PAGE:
All these caveats aside, there is much that businesses can do to improve financially by committing to net zero. Net zero requires companies to interrogate their practices. This almost always reveals inefficiencies and costs savings. On the value side, becoming a net zero carbon business also has reputational benefits as well, as virtually all stakeholders (from employees to investors) have signalled a preference to work with net zero carbon companies.
Becoming net zero is a challenge, but it is becoming a business litmus test for service providers, especially those delivering buildings and infrastructure for the future. It is certainly possible to attain, although it requires a full knowledge of the business and a commitment by all to new ways of doing things.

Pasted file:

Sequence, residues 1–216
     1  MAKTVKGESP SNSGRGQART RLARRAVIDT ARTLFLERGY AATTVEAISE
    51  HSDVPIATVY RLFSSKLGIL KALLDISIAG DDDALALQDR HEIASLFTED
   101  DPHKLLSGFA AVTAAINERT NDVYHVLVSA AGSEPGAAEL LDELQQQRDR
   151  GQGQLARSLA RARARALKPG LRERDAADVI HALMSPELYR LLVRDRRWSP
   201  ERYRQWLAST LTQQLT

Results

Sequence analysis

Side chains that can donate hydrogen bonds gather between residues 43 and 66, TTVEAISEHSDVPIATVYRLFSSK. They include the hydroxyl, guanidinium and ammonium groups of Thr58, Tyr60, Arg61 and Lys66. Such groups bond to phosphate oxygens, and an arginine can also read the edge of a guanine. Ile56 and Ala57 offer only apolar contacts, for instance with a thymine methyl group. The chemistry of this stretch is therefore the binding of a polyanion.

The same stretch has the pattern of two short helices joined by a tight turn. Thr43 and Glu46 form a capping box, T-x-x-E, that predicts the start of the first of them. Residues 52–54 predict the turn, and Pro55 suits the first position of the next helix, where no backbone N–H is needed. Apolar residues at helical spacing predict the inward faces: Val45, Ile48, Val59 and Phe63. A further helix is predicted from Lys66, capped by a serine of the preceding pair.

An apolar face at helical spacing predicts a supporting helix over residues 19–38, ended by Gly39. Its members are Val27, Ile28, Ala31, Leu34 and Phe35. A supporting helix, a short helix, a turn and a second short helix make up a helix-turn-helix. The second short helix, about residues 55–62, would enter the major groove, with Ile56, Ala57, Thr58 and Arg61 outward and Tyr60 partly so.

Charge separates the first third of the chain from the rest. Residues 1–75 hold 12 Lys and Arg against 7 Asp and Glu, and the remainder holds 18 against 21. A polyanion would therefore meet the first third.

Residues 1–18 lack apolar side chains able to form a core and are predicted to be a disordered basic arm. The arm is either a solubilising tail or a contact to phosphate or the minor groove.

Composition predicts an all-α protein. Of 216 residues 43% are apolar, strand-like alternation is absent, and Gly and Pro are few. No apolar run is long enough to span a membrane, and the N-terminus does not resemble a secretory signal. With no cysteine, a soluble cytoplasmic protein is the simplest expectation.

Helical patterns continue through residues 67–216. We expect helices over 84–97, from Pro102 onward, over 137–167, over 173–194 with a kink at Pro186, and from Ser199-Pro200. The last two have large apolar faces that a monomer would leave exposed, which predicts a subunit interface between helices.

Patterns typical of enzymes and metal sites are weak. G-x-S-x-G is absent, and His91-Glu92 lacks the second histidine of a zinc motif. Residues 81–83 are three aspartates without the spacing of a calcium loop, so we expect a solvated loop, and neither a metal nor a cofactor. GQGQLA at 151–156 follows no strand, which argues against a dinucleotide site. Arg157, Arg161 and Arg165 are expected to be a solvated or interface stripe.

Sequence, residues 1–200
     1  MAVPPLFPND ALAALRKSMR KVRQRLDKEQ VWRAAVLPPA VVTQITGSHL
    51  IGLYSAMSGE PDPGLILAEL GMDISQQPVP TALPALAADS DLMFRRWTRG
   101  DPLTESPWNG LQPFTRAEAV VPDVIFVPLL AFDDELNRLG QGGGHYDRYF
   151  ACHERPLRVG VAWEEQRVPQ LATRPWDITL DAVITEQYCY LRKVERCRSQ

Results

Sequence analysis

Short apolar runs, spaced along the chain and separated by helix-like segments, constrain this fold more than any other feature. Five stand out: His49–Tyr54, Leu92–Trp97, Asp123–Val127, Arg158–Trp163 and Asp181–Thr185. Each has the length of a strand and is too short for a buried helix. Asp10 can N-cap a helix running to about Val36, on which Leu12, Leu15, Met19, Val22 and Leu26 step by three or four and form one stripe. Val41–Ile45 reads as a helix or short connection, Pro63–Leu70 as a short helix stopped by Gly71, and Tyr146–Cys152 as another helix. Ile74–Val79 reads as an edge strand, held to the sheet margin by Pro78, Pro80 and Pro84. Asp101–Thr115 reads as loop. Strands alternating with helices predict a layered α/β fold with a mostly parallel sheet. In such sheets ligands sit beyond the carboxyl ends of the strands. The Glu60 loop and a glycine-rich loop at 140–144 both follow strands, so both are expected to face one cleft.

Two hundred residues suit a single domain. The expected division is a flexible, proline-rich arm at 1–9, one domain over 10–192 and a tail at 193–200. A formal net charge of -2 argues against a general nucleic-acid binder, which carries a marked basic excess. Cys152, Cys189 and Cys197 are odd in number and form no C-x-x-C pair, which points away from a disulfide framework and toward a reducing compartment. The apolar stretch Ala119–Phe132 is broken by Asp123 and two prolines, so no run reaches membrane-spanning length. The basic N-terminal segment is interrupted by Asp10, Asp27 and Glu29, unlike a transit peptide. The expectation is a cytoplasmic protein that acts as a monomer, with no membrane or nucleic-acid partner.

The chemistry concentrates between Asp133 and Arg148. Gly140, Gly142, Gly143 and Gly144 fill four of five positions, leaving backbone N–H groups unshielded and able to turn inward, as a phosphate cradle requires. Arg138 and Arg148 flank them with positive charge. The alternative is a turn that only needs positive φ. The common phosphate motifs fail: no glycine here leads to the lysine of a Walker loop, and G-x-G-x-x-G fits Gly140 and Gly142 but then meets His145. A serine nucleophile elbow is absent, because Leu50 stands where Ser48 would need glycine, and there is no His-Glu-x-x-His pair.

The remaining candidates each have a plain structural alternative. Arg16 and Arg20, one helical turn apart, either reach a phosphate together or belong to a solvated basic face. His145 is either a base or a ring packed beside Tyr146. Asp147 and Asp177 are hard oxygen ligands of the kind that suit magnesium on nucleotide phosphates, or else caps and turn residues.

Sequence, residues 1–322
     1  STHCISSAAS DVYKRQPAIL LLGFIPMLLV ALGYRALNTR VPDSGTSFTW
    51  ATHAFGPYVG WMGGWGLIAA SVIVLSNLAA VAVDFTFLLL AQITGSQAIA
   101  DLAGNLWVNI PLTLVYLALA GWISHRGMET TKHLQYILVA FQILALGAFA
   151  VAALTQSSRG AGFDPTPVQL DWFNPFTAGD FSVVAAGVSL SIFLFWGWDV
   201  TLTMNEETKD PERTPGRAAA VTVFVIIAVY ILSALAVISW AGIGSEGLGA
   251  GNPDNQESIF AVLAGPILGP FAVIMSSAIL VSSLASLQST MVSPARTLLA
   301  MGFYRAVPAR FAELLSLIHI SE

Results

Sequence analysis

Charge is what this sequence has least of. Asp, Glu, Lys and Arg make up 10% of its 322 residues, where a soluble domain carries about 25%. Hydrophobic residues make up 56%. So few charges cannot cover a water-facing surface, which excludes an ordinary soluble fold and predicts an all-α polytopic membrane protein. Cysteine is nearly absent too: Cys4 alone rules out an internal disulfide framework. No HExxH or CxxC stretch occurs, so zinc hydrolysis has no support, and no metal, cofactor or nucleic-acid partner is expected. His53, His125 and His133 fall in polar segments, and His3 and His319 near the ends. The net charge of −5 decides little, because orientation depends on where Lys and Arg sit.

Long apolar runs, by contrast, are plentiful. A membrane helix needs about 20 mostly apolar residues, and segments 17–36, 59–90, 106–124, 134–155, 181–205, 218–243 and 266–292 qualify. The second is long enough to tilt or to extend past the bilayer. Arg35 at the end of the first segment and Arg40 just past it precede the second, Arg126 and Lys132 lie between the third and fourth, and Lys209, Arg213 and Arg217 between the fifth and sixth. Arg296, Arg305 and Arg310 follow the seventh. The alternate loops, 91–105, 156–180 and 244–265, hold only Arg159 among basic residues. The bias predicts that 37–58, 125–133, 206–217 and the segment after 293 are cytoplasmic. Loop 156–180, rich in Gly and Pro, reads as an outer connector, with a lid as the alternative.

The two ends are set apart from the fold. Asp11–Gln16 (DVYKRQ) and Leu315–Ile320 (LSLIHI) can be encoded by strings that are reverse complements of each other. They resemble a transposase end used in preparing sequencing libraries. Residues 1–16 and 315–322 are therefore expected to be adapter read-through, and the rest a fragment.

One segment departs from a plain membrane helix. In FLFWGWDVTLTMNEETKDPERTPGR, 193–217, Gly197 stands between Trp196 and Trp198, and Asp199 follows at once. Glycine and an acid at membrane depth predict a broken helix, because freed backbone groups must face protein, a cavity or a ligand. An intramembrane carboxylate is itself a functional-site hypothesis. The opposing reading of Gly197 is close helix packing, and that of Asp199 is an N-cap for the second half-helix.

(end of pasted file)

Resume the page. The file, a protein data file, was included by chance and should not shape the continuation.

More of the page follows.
Our journey to net zero carbon
We understand the challenges of becoming a net zero carbon company because we are doing this ourselves. In 2021, we announced our net zero carbon goals, with a commitment to be net zero as an organisation by 2030.
Consistent with guidance in this article, we have developed five commitments to help us progress over the next decade:
- Create a baseline year and continue to measure Scope 1, 2 and 3 emissions: We have used 2019 as our baseline year (the last representative year before COVID), but we realise that in a post-COVID world many business activities may change, as will the emissions profile of our activities. In line with “giving yourself time,” we are committed to reducing our emissions, but also understanding better the ongoing carbon profile of the business and how it is evolving.
- Reduce consumption: In all our activities – whether it is building operation, travel, or procurement - we are committed to being more efficient and to demonstrating real reductions in our impacts. We have already made reductions in energy through moving to cloud computing, adopting “follow-me” printing, procuring more efficient M&E equipment and changing operational practices. We agree that allowances should be purchased only as the last option and so our priority is real reductions in carbon achieved at our sites and in our business activities.